Shaheen al-Abkary (Photo: Adham Youssef)
Shaheen nimbly performed a number of satirical songs mocking the political and social situation in Egypt, and freestyled to engage fans. After his performance, Shaheen yelled "This is Hip Hop!"
More hardcore, another talent, F. Killa, rapped on social and political problems.
Killa uses harsh vocals to rap in Arabic to address problems of the Arab region like poverty, sexual harassment, corruption and unemployment.
"Before the Arab Spring I rapped about regime corruption in an indirect way" Killa tells Ahram Online. In the last months, Killa released songs criticising the Muslim Brotherhood rule and calling for a regime change.
Influenced by MC Amin, Arabian Knights, DAM and Omar Boflot, Killa was the most extreme in delivering his messages among the line-up.
Killa assured that the step that Egyptian Hip Hop Union is taking is a good, organised way to gain recognition and respect from the audience.
"Rappers and Hip Hop artists are considered 'monologists' by the music syndicate and as such cannot fall under its umbrella. This is an insult to the art that any of us is performing. Yes, the genre might be sarcastic or explicit in some cases, but we try to discuss issues that relate to our societies," Killa said.
F.Killa (Photo: Adham Youssef)
The 20 June concert included other veterans in the Rap scene in Egypt.
The official MC (Microphone Controller) of the concert was DJ Fat Sam, Hip Hop DJ and beat maker.
Sam entered the scene in 2004 and later joined into the community of Hip Hop MCs, rappers and break dancers, which included Arab League, Asfalt, Deeb and Boflot.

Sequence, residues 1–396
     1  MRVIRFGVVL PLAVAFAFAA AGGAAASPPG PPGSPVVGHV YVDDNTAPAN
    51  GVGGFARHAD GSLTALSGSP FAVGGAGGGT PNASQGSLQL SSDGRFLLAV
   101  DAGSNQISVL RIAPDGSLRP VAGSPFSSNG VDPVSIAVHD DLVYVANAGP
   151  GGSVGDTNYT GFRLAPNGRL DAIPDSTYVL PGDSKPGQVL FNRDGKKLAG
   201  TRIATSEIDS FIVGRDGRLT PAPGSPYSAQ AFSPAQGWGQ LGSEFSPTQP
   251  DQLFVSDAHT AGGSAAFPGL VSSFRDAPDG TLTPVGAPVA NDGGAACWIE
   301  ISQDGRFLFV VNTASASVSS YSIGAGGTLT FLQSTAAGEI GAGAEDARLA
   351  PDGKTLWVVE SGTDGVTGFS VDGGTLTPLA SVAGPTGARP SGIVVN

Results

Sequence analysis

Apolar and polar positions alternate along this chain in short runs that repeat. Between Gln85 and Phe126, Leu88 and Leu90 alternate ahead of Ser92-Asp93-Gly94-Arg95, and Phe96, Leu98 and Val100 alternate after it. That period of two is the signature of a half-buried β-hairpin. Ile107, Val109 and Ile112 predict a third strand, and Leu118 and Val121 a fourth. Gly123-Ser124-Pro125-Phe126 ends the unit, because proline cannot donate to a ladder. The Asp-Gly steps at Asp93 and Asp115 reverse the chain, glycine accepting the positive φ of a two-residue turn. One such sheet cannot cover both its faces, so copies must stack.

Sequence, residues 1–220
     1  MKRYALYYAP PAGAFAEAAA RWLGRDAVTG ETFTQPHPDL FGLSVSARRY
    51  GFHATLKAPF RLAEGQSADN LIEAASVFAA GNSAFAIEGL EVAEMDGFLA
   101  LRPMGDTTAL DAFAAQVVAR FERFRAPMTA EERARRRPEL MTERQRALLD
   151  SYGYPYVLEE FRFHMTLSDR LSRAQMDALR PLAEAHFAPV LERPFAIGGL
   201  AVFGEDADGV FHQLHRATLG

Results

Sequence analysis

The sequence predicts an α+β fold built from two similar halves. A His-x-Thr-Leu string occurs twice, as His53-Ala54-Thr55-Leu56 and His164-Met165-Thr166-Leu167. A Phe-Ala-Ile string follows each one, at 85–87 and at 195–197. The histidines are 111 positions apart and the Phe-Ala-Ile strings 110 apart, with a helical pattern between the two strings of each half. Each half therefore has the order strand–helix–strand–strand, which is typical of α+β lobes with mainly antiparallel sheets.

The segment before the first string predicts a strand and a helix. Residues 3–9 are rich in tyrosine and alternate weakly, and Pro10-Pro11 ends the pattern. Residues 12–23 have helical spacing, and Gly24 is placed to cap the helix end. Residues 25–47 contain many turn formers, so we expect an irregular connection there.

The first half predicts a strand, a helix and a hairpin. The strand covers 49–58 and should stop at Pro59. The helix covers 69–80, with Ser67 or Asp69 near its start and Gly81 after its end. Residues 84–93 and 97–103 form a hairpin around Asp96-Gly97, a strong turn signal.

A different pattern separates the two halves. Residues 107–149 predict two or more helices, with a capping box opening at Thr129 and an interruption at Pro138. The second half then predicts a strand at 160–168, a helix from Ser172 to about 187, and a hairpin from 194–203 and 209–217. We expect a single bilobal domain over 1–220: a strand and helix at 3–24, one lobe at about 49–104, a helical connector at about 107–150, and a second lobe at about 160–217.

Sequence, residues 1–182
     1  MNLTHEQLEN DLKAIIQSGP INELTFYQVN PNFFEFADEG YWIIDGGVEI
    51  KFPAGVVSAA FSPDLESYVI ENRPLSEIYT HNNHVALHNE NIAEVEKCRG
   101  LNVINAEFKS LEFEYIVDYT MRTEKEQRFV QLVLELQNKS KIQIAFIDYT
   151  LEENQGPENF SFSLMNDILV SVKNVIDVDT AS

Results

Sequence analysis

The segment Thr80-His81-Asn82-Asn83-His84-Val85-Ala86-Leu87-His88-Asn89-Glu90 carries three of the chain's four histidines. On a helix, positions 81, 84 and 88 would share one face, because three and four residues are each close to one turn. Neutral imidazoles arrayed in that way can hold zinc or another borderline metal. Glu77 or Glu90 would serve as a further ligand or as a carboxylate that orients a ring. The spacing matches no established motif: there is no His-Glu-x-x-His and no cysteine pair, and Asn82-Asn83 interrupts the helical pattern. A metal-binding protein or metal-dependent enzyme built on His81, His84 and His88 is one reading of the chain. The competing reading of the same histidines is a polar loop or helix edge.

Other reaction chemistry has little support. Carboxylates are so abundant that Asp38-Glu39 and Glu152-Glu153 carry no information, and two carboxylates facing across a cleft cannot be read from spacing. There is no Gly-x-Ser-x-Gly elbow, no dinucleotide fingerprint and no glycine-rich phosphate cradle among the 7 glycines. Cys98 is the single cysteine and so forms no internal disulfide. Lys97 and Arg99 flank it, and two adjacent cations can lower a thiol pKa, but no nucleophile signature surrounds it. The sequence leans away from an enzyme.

Another rapper who is known for his unique song writing and music production style is Cairo-based Mohamed El-Deeb, a rapper who grew up listening to Hip Hop.
Just like many Egyptian expats who left their home at a young age, he feels close to his Egyptian heritage and culture. Influenced by Arabic poetry and prose, Deeb is trying to mix colloquial Egyptian language with his beats to rediscover Egypt's identity.
Deeb and DJ Fat Sam (Photo: Adham Youssef)
"Hip Hop was the sound of the street and the people. Many used it to demonstrate their discontent and anger. We can do the same in our culture. We like poetry and prose, sarcasm and punch lines; we can use it as a tool to address issues" Deeb explained.
Although the concert ran late into the night and few fans were left at the end, rappers on the stage continued interacting with the audience.
Since the concert attracted attention to the art of Hip Hop music in Egypt and emphasised solidarity between the artists, the main theme I Breath Hip Hop was strongly resonating throughout the whole evening.
As such all the musicians proved that although tastes and techniques might differ, Hip Hop will always be an artistic, priceless tool that offers the ability of conscience and to comment on current issues that artists feel essential to be discussed.